I’ve mentioned (repeatedly) my fandom of Jessie Gordon, and her swing group the Darling Buds of May. Their show Swing Revue from last year’s Fringe was one of my favourites, and I’d highly recommend it this time around – as I would Swing Revue’s Ali Bodycoat in her show Over the Rainbow, where she celebrates sex and gender diversity with Libby Hammer – who, if you’re following this rabbit trail, is a special guest in Stratosfunk’s Tell Mama: The Music of Etta James – which is fronted by none other than Ms Gordon.

Indie-pop auteur Ariel Pink will be playing his first Perth headline show, with support from Nick Allbrook, of Pond fame; local indie-folk singer Rachel Gorman launches her second album; and award-winning local composer Rachael Dease premieres her new work, a symphony of the recordings sent into space on the Voyager 1 and 2 missions.

If you’re looking for a party, try the Boys Boys Boys! Life’s a Beach Party, or Tomas Ford’s famous Crap Music Rave Party, which takes any song request – so long as it’s crap. Or, for something lower-key, I’m hanging out for hip hop collective the Community’s co-op show Mattress Money, eclectic music love letter Hey Music! I [heart] You, which features the inimitable Odette Mercy, and the beautiful Hush: An Evening of Quiet Music at St Georges Cathedral, which fills that space with the music of locals like Abbe May, Felicity Groom, Mathas and Timothy Nelson.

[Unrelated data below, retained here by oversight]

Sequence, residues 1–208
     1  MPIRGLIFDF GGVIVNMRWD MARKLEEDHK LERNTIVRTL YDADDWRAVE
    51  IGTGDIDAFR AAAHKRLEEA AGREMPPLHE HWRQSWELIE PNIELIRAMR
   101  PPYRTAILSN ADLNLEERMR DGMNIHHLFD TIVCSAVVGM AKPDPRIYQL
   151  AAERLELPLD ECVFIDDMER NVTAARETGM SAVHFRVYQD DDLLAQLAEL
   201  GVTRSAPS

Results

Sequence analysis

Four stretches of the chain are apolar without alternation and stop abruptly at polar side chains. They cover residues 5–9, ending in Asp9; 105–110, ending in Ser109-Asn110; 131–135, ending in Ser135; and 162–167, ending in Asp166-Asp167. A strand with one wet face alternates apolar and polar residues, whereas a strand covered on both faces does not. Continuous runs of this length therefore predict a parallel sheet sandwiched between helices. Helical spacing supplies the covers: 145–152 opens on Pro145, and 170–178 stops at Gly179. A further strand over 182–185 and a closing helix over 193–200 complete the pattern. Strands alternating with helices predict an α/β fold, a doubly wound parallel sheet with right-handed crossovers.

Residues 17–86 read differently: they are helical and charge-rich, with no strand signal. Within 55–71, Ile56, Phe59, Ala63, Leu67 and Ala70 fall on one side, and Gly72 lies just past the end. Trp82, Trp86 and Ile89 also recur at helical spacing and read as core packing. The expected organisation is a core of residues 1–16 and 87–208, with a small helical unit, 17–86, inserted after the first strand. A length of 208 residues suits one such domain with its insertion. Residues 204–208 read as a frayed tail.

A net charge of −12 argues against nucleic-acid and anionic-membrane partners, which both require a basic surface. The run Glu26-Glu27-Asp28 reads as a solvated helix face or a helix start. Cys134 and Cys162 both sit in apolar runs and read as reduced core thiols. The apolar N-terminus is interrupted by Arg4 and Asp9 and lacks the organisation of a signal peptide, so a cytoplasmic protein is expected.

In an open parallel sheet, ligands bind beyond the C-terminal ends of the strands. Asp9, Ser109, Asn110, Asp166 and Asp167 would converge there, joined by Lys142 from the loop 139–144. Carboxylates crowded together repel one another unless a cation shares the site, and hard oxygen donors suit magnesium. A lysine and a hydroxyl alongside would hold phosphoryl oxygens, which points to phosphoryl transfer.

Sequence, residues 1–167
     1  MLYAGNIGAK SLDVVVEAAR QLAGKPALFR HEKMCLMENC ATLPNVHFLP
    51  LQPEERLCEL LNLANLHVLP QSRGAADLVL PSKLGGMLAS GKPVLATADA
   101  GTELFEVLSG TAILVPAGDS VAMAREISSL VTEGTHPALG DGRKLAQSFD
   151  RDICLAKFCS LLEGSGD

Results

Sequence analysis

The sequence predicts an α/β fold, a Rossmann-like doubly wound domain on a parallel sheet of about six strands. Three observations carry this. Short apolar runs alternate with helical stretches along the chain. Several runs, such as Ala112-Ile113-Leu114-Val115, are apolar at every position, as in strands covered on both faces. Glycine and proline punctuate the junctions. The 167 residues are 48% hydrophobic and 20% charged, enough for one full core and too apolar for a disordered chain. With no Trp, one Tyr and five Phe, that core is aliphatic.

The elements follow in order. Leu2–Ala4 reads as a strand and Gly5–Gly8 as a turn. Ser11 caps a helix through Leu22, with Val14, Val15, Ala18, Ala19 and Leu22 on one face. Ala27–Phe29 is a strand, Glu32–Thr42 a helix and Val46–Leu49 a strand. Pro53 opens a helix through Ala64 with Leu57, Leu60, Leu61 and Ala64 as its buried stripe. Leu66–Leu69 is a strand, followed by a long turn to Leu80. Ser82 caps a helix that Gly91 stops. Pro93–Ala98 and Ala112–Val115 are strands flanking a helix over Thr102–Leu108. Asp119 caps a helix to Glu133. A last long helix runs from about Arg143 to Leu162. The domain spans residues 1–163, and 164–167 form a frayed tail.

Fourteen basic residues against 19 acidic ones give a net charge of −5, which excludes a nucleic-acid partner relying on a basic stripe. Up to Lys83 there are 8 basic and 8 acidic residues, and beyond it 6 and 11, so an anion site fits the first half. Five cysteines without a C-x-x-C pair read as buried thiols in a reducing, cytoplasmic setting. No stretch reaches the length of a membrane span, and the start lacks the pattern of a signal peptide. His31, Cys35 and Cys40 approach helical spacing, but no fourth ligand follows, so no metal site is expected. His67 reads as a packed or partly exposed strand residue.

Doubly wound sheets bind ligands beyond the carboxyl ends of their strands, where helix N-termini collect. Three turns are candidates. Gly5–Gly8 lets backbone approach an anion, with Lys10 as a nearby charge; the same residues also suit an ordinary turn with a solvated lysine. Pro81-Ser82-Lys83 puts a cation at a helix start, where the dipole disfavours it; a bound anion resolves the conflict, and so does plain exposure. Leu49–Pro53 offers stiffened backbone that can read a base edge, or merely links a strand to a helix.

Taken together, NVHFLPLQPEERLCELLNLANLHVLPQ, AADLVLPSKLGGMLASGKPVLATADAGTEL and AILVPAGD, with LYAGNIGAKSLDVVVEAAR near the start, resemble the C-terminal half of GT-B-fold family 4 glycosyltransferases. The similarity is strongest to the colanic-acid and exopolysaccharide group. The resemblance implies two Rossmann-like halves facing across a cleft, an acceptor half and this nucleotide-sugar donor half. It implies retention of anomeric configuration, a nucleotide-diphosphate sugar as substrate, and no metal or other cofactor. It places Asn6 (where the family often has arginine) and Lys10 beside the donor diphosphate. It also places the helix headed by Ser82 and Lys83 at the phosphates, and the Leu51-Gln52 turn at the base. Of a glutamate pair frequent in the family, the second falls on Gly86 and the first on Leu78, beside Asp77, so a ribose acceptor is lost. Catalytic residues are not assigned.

Again, this category full of strong local talent, and buying a ticket to a WA-produced show is a great way of supporting the industry. The Summer Nights program, presented by PICA and the Blue Room, is an oh-so-deserving award-winner – there’s some serious high-quality theatre there, and you won’t go wrong with any of their shows.

When I spoke to local theatre-maker Adriane Daff late last year she mentioned that applications for Summer Nights were more competitive than ever – which I (excitedly) take to mean this year’s program will be its best yet. You won’t go wrong with any of those shows, but in particular, I’m looking forward to local productions A Circle of Buzzards, In The Shadow of Venus, 10,000 and Fag/Stag. Kiwi oddball shown Kraken also gets a look-in, as does The Bookbinder.

As someone who feels very awkward trying to make friends I’m intrigued by the premise of FRIENDQUEST – an interactive show that pitches friend-finding like speed dating, requesting audience members attend solo in the spirit of finding a new pal.